traditional wedding ceremony

How to Pull Off Your Traditional Western Wedding

The history behind a Western wedding is centuries old and filled with – sometimes odd and other times beloved – traditions. And when we mention “Western” we are not speaking of cowboy boots or dusty saloon style, we are talking about the contractual ceremony that we’re all used to.

The Western wedding has taken multiple twists and turns throughout time but there are some customs that have stuck. It has become one of the biggest industries in the Western world influencing trends and TV shows, Pinterest boards and magazines abound, Why? And how can you use them to plan your very own?

From tossing the bridal bouquet to making sure the groom stands on the right at the ceremony, there are some origins that you may be curious about concerning all the intricacies of a classic wedding.

If you’re looking to pull off your own traditional western wedding, you should first understand the history behind the event and which pieces you’d like to take and possibly modernize for your own big day.

The History

Earliest Origins

Did you know that western wedding traditions originate as far back as Ancient Greece and Rome? They started out as less of a celebration and more of a contractual agreement between the two parties. Over time, that agreement morphed into one of life’s biggest events and a much more commercialized business venture for designers, vendors, and the like.

You may have heard this fact before but weddings didn’t actually start out as a contract between a man and a woman, instead, it was between two men; the groom and the bride’s father. There was a dowry involved (yikes!) and arranged marriages were also alive and well.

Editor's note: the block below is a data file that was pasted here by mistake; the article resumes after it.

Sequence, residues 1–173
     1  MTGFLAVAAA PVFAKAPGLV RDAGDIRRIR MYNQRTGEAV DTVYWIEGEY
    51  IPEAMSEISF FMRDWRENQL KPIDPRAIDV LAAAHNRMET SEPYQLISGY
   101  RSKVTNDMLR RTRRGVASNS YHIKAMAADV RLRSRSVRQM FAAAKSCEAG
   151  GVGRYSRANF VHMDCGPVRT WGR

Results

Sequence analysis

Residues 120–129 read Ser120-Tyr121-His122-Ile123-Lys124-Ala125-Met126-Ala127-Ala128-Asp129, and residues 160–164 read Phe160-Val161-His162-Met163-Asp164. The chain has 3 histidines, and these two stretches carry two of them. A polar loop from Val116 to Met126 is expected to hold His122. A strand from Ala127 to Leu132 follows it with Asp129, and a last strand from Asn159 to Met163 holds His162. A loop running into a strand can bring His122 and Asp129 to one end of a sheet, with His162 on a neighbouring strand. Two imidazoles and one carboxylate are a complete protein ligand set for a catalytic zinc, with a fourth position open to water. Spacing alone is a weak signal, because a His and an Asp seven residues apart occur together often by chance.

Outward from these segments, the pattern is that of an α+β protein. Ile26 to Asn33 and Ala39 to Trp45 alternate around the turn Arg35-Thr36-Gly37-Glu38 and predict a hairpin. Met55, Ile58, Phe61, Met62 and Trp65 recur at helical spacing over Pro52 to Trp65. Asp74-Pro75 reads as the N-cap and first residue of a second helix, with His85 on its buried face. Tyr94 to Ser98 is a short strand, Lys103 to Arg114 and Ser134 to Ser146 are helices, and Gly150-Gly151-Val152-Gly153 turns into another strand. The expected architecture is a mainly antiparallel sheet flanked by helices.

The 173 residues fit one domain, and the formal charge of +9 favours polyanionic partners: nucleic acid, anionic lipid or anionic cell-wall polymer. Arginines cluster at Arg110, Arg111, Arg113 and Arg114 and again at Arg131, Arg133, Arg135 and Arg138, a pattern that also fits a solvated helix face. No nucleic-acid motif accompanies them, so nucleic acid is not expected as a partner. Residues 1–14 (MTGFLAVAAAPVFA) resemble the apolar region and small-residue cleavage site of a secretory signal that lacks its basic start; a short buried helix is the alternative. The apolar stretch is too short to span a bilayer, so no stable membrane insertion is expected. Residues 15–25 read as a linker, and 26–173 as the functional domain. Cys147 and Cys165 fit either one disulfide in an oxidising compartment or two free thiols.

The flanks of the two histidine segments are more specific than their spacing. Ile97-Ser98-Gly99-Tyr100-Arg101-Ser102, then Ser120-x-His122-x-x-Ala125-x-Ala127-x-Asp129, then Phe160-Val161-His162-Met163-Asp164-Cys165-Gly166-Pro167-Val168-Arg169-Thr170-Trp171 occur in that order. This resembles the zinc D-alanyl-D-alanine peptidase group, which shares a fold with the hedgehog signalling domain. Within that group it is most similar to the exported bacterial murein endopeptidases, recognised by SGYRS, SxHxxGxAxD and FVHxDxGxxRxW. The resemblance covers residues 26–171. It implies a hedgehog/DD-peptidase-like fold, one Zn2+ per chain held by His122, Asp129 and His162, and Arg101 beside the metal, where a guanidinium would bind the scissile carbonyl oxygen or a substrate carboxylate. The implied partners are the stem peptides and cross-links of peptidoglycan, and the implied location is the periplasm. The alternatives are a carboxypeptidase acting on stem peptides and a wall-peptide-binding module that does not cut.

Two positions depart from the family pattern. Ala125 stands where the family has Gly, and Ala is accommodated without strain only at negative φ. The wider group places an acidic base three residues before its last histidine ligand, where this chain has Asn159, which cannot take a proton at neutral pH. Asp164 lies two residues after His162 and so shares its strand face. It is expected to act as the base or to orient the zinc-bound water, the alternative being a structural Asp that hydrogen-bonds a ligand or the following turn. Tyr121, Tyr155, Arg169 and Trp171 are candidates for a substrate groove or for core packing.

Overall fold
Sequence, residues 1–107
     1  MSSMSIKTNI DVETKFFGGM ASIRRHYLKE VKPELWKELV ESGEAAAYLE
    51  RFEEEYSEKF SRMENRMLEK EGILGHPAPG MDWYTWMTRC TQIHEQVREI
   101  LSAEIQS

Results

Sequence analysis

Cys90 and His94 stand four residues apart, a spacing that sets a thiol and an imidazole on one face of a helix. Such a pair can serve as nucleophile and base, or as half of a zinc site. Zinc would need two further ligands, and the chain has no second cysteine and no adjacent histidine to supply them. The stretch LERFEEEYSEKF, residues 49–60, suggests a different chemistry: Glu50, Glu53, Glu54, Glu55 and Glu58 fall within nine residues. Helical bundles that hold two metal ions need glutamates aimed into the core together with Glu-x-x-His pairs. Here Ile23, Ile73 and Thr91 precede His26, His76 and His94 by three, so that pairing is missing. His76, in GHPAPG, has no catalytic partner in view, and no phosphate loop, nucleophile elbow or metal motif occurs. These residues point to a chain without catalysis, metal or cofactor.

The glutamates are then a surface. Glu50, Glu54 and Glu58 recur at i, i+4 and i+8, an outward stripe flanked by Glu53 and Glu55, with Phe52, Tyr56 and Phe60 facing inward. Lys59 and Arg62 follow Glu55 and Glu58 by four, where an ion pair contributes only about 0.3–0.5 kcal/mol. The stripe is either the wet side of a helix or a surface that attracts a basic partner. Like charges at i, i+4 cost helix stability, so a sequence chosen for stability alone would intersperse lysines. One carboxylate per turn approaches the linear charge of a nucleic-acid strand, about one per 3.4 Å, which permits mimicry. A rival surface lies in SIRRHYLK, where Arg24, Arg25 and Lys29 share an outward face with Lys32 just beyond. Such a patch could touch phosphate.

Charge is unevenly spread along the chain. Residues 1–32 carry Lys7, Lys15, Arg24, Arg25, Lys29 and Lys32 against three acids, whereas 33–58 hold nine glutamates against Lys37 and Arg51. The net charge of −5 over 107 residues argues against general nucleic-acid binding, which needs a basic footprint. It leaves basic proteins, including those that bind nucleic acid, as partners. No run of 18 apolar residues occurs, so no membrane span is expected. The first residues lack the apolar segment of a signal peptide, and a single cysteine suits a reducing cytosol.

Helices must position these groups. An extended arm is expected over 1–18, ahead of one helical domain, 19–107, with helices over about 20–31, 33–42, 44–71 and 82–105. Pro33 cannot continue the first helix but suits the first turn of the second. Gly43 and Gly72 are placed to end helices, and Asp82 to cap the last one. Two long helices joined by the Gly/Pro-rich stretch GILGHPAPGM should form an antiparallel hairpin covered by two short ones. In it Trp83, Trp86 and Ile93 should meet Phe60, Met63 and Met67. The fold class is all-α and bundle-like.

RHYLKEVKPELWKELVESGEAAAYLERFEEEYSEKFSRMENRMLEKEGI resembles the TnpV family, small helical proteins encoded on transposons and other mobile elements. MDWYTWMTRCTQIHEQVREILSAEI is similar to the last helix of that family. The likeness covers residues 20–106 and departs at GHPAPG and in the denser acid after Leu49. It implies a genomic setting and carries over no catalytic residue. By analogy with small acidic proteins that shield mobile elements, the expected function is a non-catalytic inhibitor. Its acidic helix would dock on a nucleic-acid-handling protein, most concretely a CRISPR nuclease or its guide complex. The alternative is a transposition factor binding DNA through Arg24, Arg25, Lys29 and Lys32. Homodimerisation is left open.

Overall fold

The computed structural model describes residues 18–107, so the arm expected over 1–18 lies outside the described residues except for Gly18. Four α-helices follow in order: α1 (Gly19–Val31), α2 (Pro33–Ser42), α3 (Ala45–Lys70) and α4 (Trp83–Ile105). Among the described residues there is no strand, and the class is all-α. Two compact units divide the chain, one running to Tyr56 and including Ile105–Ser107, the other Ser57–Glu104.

Middle Ages

And it wasn’t until medieval times that the contract between the two became truly legal and less informal – this is also when laws came into place for women to no longer be traded for goods or payment of any kind. This is a time when more religious qualities became prevalent, such as priest blessings over a marriage although arrangements and inheritance were still the catalysts behind many unions. 

Golden Age

Throughout the Elizabethan era and Victorian period, marriages were still being formed by outside hands with women having very little say, or opinion of their own, in the matter. Within these times is when some of the more well-known traditions were taking shape such as bridal whites and exchanging of the rings.


Although we don’t hear many instances of arranged marriages today and there seems to be a near unlimited avenue for people to find and decide on their life partners, there are so many nooks and crannies of a wedding we see still that’s been rooted in these Western traditions.

Even though many have taken on new forms and given new (and less oppressive) meaning, it’s important to know where these customs originated and what you can do to put your own spin on them, if you choose to incorporate them at all.

The Traditions (And Spin-Offs)

The Dowry

The dowry was a piece of property – or another form of payment – by the bride’s family to the groom’s in exchange for the bride herself. This was a very common practice and began in Ancient Roman times.

How You Can Pull It Off

We throw this one completely out the window. Some say that it’s still a tradition for the bride’s family to pay for the wedding (the custom originating with the dowry) but it’s even more common for both sides of the family to contribute – or even the couple themselves to host and throw the main event!

The Bouquet Toss

They say the bouquet toss started in England as a way for the bride to “toss along” her good fortune to another.